YPF nationalization bill does not contemplate compensations, says Kirchnerite Senator
Senator from the Argentine ruling majority and former cabinet chief, Aníbal Fernández assured that the government “will pay the real price for the expropriation of YPF and not what Repsol’s chairman (Antonio Brufau) wants.”
Fernández went further and accused Brufau of being “the main responsible for the stripping of assets from the company”.
The former cabinet chief also explained that the compensation plan is not contemplated in the expropriation draft bill that will be debated this Wednesday at the Senate since the company’s valuation “will be conducted by the technical staff of Argentina’s Valuation Court.”
“No matter how hard they try to demonstrate the alleged investments (Repsol) made, they’ve done none. The exploration was null as well, while the oil and gas production dropped significantly. We lost oil and gas reserves, the company duplicated its debt while the share dividends paid were outrageous”, said Senator Fernandez.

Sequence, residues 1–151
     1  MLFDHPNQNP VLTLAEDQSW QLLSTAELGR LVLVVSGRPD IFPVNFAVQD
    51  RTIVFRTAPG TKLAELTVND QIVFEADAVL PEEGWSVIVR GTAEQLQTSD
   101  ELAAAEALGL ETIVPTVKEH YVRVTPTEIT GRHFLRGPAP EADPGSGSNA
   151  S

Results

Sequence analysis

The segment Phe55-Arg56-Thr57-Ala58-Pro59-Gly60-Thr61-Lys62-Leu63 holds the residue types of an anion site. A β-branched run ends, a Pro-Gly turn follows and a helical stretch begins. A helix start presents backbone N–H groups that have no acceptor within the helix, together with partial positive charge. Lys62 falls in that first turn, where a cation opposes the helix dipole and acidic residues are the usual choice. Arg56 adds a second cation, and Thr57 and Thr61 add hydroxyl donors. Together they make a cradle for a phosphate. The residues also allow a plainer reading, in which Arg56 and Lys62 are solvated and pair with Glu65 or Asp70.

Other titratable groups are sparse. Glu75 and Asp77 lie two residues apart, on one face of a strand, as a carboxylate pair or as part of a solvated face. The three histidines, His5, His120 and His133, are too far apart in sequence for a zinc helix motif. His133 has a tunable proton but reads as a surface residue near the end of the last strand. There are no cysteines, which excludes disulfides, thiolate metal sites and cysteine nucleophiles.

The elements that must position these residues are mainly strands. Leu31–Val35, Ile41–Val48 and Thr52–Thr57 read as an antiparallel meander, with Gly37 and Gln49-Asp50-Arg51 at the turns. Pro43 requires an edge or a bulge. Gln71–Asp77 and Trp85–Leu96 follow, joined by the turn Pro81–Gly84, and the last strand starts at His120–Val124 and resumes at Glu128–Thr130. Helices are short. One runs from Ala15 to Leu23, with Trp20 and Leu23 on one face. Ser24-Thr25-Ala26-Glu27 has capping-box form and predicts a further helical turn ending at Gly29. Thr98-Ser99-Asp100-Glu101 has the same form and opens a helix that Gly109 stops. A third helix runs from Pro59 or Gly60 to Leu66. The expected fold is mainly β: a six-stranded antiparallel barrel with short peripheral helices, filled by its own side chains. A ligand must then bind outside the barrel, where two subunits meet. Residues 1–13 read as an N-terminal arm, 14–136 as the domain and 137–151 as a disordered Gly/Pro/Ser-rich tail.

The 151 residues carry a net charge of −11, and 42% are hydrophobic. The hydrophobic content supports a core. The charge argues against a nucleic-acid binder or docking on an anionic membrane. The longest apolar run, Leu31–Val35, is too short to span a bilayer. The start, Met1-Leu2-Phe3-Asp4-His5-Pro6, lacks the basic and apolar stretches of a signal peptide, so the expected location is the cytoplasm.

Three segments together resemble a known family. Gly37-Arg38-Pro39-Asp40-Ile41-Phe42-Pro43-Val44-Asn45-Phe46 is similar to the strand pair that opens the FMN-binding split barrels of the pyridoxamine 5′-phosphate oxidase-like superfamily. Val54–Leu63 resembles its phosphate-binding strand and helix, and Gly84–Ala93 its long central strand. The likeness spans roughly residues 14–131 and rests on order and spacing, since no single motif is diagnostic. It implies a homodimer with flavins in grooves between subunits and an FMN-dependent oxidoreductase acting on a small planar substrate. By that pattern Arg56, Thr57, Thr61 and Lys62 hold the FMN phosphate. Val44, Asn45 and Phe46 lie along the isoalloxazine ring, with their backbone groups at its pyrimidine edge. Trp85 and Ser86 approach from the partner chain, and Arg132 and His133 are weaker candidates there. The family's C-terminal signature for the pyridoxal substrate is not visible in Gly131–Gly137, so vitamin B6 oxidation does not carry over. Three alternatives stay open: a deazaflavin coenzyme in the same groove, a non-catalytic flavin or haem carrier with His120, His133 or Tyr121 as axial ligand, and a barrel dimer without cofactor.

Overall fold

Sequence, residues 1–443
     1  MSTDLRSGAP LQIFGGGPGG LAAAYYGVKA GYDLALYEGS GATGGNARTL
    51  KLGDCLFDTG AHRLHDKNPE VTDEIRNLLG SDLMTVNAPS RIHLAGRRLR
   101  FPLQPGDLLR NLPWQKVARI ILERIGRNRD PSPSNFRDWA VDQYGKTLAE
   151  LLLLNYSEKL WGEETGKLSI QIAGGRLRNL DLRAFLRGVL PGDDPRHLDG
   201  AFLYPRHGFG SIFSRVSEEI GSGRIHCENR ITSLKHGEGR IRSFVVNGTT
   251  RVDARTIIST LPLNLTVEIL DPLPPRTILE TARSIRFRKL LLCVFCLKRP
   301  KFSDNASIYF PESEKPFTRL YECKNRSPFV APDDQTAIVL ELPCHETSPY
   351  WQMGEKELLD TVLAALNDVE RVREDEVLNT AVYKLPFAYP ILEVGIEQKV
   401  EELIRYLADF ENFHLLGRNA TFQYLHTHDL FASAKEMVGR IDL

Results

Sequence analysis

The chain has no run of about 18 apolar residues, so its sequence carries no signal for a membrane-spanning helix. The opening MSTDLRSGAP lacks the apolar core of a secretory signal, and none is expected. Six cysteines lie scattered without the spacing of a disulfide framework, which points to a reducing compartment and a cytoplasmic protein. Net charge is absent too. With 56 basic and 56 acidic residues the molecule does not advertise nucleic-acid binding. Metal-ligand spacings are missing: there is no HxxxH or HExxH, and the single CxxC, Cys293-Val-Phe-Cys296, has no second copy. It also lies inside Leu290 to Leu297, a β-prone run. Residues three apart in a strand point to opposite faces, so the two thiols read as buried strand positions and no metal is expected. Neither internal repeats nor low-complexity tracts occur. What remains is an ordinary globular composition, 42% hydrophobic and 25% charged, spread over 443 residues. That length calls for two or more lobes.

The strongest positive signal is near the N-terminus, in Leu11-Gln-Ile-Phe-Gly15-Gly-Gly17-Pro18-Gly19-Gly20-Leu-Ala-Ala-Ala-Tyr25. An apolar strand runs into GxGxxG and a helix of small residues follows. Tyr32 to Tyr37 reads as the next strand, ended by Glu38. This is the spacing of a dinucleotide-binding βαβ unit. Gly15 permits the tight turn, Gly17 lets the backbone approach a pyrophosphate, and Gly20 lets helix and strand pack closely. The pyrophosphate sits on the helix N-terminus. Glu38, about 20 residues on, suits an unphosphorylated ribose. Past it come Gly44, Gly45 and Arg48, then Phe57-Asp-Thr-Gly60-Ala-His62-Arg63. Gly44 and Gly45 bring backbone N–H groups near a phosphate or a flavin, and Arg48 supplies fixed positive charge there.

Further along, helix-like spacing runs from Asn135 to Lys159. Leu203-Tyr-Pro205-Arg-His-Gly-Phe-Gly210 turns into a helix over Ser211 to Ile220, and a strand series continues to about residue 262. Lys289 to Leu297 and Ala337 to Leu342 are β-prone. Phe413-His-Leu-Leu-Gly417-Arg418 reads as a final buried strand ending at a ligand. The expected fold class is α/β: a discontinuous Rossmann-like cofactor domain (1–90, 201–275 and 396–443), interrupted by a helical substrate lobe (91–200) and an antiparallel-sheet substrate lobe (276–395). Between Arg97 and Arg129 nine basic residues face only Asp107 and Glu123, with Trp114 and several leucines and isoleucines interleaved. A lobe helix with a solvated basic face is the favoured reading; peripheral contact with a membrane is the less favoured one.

Finally he argued that “neither Spain nor the European Union should take reprisals against Argentina, and/or question Argentina’s legal security without noting that the possibility of expropriating a company is contemplated in the National Constitution, and as a matter of fact it’s also included in the Spanish Constitution”.
YPF expropriation bill which President Fernández de Kirchner sent to Congress last week is expected to finally be voted (and passed by a wide margin) by the Lower House on May 3.
The Lower House is scheduled to begin the debate right after the Senate votes on the bill next Wednesday. The bill is expected to be preliminary approved by a wide margin.
No Argentine cabinet members are expected to be present during the Lower House, unlike last week during the debate in the Senate when Federal Planning Minister Julio De Vido and Deputy Economy Minister Axel Kicillof where both present on the floor.
Kirchnerite sources in the Lower House confirmed that lawmakers will begin debating the bill next Thursday in a plenary meeting including several congressional committees.
The market value of YPF has plummeted to below 10 billion dollars from 18 billion a few months ago before the dispute and seizure of the company from Repsol by the Argentine government.
Senator Fernandez and Deputy Minister Kicillof have said publicly on more than one occasion that to whatever compensation is decided, must be subtracted the lack of upkeep and maintenance by Repsol as well as “environmental damage”.
Kicillof has stated that according to Repsol’s books the Spanish company was no longer interested in Argentina and was investing all its resources and efforts in other countries to the detriment of Argentina.